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LinkedIn is the epicenter of many of our professional lives, the place where we get our news, share our views, and engage with our colleagues.
And, as with any large social network, there are etiquette gaffes that happen specifically on that platform. I get it.
I’m not here to demonize anyone who’s messed up. I’m the first to admit I’ve made many of these mistakes. Hopefully, though, after reading this list, you’ll consider revising yours.
Email your LinkedIn network via a third party.
I’ve done this before. I’m not proud of it. It’s a horrible breach of trust. It’s also illegal, according to CAN SPAM laws. Keep your communication with your network on LinkedIn and you’ll do just fine.
Sell to someone you’ve just connected with.
This is the equivalent of asking someone to come home with you right after you’ve met them. You just don’t do it. Plus, it never works.
Take some time to research the person you’ve just connected with. Reach out to them if you must, but engage them in conversation first. More on that below.
Email your connections and tell them to like and share your content.
Write great content. Write it often. If you feel like you want a contact to see the content, send it to them with no strings — no request to share, engage, or comment.
If you feel you must reach out and ask for support, great. But make sure you’re reaching out to a warm audience who expects to hear from you.
Spam connections with endorsements.
We just met. You don’t know me. Don’t add a flurry of endorsements to get in my good graces.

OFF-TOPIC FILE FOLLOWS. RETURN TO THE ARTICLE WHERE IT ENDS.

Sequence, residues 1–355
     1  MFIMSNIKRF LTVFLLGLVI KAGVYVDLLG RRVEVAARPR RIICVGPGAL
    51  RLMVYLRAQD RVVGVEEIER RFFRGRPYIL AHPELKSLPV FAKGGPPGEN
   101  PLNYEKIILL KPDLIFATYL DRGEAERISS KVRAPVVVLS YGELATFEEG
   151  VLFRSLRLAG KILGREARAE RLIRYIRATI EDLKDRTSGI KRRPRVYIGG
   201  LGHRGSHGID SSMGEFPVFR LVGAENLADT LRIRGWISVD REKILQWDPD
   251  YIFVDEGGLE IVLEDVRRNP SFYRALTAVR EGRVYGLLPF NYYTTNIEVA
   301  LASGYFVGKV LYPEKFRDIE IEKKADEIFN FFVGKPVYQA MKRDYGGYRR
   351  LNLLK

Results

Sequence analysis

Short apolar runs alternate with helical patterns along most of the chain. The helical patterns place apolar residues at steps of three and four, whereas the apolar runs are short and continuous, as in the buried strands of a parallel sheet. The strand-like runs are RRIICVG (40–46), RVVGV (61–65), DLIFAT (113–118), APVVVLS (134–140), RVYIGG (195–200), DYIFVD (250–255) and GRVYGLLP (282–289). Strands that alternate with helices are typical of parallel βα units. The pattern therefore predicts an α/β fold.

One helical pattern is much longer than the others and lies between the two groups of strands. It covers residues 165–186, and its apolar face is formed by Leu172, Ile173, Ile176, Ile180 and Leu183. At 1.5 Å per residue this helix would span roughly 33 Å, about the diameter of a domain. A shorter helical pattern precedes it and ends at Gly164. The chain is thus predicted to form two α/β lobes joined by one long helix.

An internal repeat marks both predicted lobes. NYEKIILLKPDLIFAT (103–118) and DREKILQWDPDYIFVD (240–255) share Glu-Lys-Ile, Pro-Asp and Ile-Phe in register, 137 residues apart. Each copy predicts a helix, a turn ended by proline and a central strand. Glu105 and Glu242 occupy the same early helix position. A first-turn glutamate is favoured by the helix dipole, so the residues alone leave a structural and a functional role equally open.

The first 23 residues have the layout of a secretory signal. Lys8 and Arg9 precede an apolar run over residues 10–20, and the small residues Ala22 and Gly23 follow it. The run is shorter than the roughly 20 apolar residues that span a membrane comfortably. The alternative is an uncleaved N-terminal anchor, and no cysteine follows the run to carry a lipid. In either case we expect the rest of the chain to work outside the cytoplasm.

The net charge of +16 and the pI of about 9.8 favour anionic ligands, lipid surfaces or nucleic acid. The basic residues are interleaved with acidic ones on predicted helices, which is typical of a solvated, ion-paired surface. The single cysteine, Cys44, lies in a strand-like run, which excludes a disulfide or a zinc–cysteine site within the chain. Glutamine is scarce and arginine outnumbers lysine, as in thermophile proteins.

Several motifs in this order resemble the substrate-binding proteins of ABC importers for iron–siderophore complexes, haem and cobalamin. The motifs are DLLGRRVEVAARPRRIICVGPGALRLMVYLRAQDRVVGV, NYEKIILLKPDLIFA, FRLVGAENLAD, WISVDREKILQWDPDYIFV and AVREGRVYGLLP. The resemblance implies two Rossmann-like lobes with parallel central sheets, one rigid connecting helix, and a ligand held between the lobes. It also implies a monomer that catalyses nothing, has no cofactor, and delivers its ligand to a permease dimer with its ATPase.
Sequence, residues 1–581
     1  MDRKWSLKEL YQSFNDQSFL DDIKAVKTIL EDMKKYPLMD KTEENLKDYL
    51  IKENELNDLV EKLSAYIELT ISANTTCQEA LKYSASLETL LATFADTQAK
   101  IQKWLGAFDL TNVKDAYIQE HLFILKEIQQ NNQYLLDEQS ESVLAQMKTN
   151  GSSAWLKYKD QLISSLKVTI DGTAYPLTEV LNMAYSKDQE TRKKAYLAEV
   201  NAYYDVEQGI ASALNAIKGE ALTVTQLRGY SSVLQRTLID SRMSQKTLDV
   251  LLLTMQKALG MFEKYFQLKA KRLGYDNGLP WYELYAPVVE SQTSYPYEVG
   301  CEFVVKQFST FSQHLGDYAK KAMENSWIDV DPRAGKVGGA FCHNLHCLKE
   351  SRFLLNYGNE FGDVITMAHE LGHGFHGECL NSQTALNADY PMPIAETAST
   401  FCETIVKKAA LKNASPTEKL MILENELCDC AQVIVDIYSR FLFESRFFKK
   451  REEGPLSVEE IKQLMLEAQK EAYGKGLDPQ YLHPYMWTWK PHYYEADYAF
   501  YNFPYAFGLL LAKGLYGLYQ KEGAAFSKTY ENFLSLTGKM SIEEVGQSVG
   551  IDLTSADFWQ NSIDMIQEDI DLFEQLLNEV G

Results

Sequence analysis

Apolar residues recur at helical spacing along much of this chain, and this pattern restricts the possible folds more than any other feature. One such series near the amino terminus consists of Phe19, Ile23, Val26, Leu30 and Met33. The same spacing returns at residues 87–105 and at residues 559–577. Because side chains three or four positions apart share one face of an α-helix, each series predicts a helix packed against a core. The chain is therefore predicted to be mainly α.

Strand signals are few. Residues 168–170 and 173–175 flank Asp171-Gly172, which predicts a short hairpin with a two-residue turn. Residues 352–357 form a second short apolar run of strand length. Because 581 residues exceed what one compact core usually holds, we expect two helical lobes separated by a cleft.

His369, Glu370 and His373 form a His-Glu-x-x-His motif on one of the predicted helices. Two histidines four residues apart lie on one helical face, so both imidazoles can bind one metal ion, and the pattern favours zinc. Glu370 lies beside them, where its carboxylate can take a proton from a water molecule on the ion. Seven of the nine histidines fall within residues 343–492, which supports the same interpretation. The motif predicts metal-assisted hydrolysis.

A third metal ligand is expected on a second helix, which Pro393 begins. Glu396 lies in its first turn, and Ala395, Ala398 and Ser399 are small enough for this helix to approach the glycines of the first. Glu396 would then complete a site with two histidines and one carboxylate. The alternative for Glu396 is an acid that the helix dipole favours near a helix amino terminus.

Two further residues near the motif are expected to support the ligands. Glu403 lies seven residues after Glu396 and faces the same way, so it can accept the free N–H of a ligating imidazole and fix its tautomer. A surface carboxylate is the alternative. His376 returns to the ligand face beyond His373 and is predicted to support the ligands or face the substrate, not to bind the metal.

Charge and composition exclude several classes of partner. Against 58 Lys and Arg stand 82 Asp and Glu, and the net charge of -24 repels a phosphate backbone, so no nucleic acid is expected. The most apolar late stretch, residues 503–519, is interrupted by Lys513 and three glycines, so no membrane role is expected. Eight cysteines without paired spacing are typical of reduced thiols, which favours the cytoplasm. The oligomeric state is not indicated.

Write a summary in the third person.
This isn’t your resume. We’re past the point of believing that you’re not writing your summary yourself. Chris hates when you do that.
- Do create and share good content relative to your industry.
- Do join and create groups.
- Do make sure your network sees your content by tagging everyone when appropriate.
- Do adjust your privacy settings so your current employer doesn’t see that you’re investigating a new job.
- Do customize your connection outreach.
LinkedIn has added default notifications. They are there to prompt you into action, not to communicate on your behalf. Customize it and stand out from the crowd.
Which is better?
“I’d like to add you to my network on LinkedIn”
“Great meeting you yesterday. I’m looking forward to learning more about you and your business here.”
- Do listen: Leverage LinkedIn as a tool to help educate you about the company you want to work for, or the executive that inspires you.
- Do add a clear photo — and take off the sunglasses. You may want to smile, too.
- Do ask for introductions.
What have I missed? Comment below, and let me know!
I’m also author of Remarkable You: Build a Personal Brand and Take Charge of Your Career. If you’d like to read the first chapter of Remarkable You for free, just head here.
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